Breakups are tough, draining, and often very spiteful. Many men have difficulties accepting that a relationship has finished, and an even tougher time regaining some level of normality.
If two people’s personalities or ambitions don’t align, a relationship may head towards a breakup. Clear communication and mutual adjustment can help, but it may sometimes be too little, too late.
The way you approach that breakup could be the difference a prolonged split full of ill-feeling and the amicable separation of two adults, ready to face the rest of their lives.
According to a 2019 paper published in Current Opinions in Psychology, the human brain reorganises emotional attachments after the close of a relationship using the same responses through which it restructures during grief.
In short: Loss is change, and change can be tough. Handling it is the key to building your resilience and pursuing fresh connections with valuable, lived-in lessons.
If you’re having trouble separating yourself from your previous relationship, I’m here to help. Most of these tips involve you concentrating on and getting joy from different aspects of your life while you recover and grow.
Recalibrate and refocus
When you’re in a relationship, you may have found that you sacrificed some of the time you’d otherwise have invested in your hobbies, exercise, or friends.
That shouldn’t be the case, but it often transpires that men lose little parts of themselves to a relationship. It makes the breakup that much harder because you’ve fallen into the trap of co-dependency.
The critical part of recovering from a breakup is to put extra energy into what makes you happy.
Whether it’s sports, clubbing, music, gaming, or anything else that sparks curiosity or joy in you, throw yourself in the deep end (swimming, too, I suppose). This is your time now.
It might be best to focus on a hobby at which you can actively improve. Learn the guitar or get good at chess. Any interest that helps you grow can bolster your confidence while moving into the next chapter of your life.
Exercise and stay active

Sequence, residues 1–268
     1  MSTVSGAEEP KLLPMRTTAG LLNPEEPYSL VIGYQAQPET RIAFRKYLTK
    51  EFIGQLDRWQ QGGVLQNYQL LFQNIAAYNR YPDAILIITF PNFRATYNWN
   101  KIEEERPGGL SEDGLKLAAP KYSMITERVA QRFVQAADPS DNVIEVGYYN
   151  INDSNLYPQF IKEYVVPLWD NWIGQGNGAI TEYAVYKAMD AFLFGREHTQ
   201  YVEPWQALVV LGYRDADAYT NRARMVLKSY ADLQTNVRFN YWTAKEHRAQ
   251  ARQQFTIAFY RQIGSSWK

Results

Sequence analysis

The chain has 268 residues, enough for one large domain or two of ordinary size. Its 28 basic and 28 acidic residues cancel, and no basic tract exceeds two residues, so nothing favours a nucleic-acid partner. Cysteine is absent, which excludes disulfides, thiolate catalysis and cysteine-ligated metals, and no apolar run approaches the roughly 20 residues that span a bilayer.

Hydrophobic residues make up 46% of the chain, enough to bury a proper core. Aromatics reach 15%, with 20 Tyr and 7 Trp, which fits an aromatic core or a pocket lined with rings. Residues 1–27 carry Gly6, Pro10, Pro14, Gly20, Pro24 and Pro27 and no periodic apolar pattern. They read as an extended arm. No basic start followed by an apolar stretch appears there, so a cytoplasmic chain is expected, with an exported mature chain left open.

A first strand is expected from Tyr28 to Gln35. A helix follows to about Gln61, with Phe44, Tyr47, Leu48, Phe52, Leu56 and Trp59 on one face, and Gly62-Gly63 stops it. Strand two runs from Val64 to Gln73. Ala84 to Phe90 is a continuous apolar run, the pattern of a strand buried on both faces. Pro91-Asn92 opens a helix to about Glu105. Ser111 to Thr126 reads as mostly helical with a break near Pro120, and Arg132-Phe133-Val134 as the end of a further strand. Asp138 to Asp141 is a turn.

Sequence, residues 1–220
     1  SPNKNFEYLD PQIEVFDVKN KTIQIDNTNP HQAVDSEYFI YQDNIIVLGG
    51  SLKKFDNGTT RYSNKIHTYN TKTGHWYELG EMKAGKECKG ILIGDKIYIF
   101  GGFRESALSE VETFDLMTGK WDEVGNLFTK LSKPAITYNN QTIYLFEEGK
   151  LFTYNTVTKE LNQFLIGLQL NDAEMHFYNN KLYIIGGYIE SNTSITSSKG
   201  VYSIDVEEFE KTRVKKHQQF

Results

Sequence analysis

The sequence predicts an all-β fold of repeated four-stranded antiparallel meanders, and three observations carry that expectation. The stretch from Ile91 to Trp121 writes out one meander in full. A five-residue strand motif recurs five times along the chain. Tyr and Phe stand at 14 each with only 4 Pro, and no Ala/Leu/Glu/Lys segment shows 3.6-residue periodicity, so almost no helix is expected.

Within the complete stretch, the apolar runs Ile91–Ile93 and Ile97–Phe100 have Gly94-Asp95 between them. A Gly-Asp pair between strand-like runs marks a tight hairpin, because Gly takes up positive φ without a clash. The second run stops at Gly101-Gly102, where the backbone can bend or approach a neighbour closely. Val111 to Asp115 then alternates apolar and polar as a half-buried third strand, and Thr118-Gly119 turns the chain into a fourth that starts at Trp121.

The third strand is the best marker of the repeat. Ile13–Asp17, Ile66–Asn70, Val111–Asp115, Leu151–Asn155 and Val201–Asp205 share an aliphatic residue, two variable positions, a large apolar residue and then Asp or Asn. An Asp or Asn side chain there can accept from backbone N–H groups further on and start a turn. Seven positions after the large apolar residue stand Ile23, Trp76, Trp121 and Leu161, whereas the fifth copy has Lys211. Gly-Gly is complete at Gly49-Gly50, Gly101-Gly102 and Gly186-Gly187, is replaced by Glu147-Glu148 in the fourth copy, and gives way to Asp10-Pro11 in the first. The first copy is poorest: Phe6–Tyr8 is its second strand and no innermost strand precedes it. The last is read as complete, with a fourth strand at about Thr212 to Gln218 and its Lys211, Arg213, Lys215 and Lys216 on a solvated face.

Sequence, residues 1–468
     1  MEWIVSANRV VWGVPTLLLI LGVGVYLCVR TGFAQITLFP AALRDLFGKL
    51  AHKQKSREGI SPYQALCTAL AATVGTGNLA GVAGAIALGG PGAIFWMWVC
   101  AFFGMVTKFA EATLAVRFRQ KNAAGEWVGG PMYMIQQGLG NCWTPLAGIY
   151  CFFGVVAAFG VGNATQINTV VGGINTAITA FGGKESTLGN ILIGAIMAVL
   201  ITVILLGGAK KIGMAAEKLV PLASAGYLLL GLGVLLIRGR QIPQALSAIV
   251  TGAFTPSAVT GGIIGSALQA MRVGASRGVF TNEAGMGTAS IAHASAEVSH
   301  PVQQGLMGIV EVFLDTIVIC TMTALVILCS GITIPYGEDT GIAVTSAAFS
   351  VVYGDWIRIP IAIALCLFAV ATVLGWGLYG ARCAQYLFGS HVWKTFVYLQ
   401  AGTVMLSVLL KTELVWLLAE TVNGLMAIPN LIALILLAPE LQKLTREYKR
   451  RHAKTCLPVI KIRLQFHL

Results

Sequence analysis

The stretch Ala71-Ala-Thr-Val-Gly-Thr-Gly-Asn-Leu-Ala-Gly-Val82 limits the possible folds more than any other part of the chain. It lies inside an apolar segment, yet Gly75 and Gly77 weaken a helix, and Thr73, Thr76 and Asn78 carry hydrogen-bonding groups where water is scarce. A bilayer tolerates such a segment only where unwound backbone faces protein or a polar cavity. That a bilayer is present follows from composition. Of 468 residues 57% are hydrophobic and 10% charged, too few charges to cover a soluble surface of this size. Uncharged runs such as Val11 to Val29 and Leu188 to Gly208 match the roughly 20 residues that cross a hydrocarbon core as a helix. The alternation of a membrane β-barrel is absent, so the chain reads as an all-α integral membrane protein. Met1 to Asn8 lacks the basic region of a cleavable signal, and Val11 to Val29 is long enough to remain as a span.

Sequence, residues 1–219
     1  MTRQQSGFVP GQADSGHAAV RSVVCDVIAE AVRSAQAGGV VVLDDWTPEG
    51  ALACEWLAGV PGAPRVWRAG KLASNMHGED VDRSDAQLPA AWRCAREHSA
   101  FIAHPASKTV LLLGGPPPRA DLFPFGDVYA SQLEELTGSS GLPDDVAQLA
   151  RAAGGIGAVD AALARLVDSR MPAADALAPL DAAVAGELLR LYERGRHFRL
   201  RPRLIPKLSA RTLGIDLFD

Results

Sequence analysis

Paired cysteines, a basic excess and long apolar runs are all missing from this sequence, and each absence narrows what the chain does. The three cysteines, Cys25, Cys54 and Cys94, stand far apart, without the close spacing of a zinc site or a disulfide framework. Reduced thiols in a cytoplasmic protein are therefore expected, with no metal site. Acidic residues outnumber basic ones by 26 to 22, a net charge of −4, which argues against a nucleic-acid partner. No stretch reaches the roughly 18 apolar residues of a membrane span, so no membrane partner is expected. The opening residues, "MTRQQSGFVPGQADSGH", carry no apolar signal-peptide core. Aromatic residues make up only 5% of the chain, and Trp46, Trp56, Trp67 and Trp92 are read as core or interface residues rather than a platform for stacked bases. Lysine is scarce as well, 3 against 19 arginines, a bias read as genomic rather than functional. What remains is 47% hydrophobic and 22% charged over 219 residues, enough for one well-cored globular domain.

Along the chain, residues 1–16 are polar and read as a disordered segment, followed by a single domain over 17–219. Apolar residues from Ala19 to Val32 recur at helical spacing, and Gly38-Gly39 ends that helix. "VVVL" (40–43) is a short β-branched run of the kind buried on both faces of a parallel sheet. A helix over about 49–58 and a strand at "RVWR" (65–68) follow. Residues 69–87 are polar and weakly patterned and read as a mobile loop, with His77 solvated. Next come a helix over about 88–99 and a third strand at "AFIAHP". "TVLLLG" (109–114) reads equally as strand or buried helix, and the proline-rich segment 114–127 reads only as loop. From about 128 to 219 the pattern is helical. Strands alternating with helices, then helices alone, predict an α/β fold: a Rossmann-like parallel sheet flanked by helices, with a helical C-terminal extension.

Make sure at least one of the hobbies you plough your post-breakup energy into involves physical activity.
Regardless of any targets that you may have for getting or staying in shape, the feel-good chemicals that flood your body during exercise can help you keep low moods at bay, according to The Journal of Physical Therapy Science.
Being active every day can help you get back into a routine, establishing an activity that you carry out solely for your own physical and mental well-being on a regular basis.
The more vibrant and more varied your life becomes on its own terms, the more likely it is that you’ll begin to frame the breakup as a platform for phenomenal growth and sky-rocketing self-esteem rather than a loss.
Get social – quickly.
Following a breakup, the temptation can strike to wallow at home, doing nothing but thumbing through your ex’s Facebook profile pics.
However, social support is a crucial building block in your psychological Renaissance after a painful breakup. For every positive romantic relationship that falls, I’ll wager you have five or six non-romantic relationships that mean a lot to you.
Lean on them.
There are over 7 billion people out there for you to meet, so spending any time neck-deep in emotional memories is time wasted. That’s not to say you shouldn’t value the time you spent together, but why deprive the world of what you have to offer?
Confide in your folks. Have them take you to places where you can meet new people. Why not tie your quest for social interaction to learning a new skill – if you attend a dancing class every week, you’ll naturally start to forge new bonds and find new opportunities to mingle.